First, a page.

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concrete help. and something that we can get done within the 45 days. at the same time, as i said, we're proceeding on all these tracks simultaneously. density reduction, we have taken a number of dramatic steps, but i think they are necessary steps. you have seen the curve. we can't handle the number of cases in the health care system at that current rate of spread. we have to get it down. we have taken dramatic steps. i have said and i'm going to repeat today, i'm asking all businesses voluntarily if it is at all possible, work from home. and have your people work from home. we also have already announced a mandatory requirement that all schools are closed state-wide. a mandatory requirement that no more than 50% of any
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government's employees can show up for work. essential personnel, yes, but no more than 50% of city local governments. we also have a mandatory requirement, as you know, of a tristate agreement. pleased to announce pennsylvania is going to be joining our state coalition, and that's very exciting. because none of these measures work unless you have a large enough geographic basis. it makes no sense for a county to put its own rule into effect or a city to put its own rule into effect because people will just move. if i can't go to a bar in queens, i'll drive to nassau and go to a bar. if i can't go to a restaurant in albany, i'll drive to somewhere else. if i come up with a rule for the
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entire state, people will drive to new jersey or connecticut or pennsylvania. and that's why the first ever we have this state-wide coalition, and i want to thank connecticut governor ned lumotand new jersey governor phil murphy, and pennsylvania governor tom wolf, who have been great colleagues, and i thank them very much. i'm asking all businesses to work from home. but today, we're announcing a mandatory state-wide requirement that no business can have more than 50% of their workforce report to work outside of their home. no more than 50% of the workforce can report for work outside of the home. that is a mandatory requirement. i'm going to do that by executive order. and that is state-wide.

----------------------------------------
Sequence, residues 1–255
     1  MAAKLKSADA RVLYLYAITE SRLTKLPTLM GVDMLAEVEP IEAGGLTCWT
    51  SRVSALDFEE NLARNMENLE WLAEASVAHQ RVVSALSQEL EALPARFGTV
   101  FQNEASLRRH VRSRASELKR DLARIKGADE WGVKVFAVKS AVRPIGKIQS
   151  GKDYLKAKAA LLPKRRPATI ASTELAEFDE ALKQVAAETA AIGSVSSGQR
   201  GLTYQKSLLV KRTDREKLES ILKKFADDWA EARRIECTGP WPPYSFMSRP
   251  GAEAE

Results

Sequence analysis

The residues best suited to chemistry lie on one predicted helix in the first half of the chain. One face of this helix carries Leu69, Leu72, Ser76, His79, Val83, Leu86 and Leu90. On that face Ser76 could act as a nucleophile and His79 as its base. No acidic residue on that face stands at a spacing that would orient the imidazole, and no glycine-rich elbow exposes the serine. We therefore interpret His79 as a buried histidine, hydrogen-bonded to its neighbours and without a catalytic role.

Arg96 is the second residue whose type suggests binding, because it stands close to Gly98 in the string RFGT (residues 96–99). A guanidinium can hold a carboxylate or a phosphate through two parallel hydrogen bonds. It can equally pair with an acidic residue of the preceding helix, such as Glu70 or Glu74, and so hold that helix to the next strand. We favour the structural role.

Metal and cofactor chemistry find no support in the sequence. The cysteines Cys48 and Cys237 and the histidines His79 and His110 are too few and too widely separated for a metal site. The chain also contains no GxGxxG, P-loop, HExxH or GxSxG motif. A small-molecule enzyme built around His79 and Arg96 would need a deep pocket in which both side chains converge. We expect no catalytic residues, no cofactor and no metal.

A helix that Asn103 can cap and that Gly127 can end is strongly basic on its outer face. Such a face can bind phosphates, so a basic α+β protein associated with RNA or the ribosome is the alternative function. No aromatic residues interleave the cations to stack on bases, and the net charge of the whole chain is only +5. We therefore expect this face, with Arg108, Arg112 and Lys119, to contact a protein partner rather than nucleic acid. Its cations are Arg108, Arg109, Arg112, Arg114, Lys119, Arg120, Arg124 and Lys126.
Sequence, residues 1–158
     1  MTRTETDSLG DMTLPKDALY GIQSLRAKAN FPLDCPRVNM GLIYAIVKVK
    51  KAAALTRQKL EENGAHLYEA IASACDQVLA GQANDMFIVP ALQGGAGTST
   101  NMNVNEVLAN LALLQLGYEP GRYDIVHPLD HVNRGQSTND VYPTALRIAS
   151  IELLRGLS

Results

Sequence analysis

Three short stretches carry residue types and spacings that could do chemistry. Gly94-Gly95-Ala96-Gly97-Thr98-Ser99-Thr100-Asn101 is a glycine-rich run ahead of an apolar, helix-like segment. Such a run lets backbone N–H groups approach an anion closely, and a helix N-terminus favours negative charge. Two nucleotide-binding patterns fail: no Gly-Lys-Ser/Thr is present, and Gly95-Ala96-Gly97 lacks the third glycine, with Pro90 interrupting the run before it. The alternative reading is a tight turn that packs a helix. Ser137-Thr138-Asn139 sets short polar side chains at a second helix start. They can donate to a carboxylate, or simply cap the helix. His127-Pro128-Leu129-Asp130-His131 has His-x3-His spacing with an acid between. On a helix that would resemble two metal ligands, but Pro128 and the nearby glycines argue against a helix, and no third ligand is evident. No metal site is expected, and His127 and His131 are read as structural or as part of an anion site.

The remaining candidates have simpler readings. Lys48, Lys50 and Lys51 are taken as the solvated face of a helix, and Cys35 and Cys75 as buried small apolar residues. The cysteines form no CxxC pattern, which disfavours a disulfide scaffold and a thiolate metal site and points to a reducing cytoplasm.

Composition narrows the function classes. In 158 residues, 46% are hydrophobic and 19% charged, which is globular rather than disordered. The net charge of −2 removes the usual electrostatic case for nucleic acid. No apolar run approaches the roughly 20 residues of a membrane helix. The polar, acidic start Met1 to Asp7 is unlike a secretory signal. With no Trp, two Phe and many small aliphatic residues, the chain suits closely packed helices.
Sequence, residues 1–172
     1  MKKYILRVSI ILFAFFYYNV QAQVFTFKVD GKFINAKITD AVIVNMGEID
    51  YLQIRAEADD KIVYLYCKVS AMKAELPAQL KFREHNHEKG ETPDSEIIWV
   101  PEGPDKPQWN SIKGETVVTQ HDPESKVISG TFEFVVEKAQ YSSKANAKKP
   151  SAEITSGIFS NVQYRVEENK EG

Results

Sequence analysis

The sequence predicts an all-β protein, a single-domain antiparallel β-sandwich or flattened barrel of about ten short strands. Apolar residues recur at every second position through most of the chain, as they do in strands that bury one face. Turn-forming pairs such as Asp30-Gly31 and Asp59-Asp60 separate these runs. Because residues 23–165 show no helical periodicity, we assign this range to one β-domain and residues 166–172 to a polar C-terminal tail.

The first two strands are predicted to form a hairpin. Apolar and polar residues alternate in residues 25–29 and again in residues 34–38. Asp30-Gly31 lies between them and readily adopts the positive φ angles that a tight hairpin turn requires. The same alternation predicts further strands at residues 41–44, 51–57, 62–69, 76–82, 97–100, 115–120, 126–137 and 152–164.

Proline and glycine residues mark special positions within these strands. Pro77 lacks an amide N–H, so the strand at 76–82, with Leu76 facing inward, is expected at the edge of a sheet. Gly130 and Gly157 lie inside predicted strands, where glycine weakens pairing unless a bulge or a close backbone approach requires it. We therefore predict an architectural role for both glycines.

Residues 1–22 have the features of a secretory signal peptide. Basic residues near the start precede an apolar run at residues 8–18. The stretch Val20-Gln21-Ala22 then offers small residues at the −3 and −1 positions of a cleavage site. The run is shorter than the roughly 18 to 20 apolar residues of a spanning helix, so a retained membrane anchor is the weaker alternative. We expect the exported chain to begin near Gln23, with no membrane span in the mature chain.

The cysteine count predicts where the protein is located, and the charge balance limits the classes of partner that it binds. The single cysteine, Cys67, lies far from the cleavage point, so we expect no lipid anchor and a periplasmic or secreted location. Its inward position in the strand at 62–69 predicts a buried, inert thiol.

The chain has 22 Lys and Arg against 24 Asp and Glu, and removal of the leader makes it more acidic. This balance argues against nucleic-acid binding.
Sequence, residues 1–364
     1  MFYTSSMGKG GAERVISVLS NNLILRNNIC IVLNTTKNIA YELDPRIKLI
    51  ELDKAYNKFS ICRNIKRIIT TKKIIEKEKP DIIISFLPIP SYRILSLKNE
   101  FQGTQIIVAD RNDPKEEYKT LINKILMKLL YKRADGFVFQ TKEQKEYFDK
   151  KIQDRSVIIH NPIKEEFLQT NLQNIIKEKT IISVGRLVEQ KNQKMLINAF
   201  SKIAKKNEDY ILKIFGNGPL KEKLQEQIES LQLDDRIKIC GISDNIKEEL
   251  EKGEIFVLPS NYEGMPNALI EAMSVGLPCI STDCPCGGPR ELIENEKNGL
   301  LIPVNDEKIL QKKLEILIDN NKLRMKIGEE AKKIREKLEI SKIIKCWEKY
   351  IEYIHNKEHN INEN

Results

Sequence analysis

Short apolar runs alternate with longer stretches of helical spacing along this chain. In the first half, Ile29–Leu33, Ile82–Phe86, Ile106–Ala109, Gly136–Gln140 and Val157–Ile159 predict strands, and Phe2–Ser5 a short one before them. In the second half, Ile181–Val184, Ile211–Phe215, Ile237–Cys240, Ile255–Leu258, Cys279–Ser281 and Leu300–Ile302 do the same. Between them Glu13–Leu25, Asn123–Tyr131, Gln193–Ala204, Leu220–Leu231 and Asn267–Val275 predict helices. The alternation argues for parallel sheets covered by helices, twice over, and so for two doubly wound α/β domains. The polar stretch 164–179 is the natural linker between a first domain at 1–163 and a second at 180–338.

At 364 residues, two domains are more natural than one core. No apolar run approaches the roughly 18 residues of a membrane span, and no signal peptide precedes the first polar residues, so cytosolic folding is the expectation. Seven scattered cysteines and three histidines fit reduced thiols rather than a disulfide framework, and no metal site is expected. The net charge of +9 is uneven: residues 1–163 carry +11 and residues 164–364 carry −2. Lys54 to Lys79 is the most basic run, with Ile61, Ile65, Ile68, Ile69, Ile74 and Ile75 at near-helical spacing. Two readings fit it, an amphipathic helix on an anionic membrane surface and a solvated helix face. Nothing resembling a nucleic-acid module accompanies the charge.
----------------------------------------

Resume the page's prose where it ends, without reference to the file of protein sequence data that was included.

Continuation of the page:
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that will exempt essential services. meaning food, food delivery, pharmacies, health care, shipping, supplies, et cetera. society has to function. people stay at home, people still need to be able to order food, et cetera. they need to be able to shop. so you have to keep those essential services running. i understand that this is a burden to businesses. i get it. i understand the impact on the economy. but in truth, we're past that point as a nation. there is going to be an impact on the economy. not just here in new york but all across the country, and we're going to have to deal with that crisis, but let's deal with one crisis at a time, and let's deal with the crisis at hand. the crisis at hand is a public health crisis. once we get past that, then we'll deal with the economic crisis. there's an old italian
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expression that basically says, rough translation, a rich person is a person who has their health. everything else you can figure out. and that's true for society also. let's maintain the public health. we'll figure out the economy afterwards. we have consulted with a number of business organizations, and i want to thank them for their cooperation and their receptivity. the business council, the retail council, the partnership for new york city, they're the main business groups in this state. they understand the concern and the crisis that we're dealing with, and they're helping communicate the message. and i thank them for their understanding and for their civic consciousness in this matter. you can see from the number of cases why we're taking these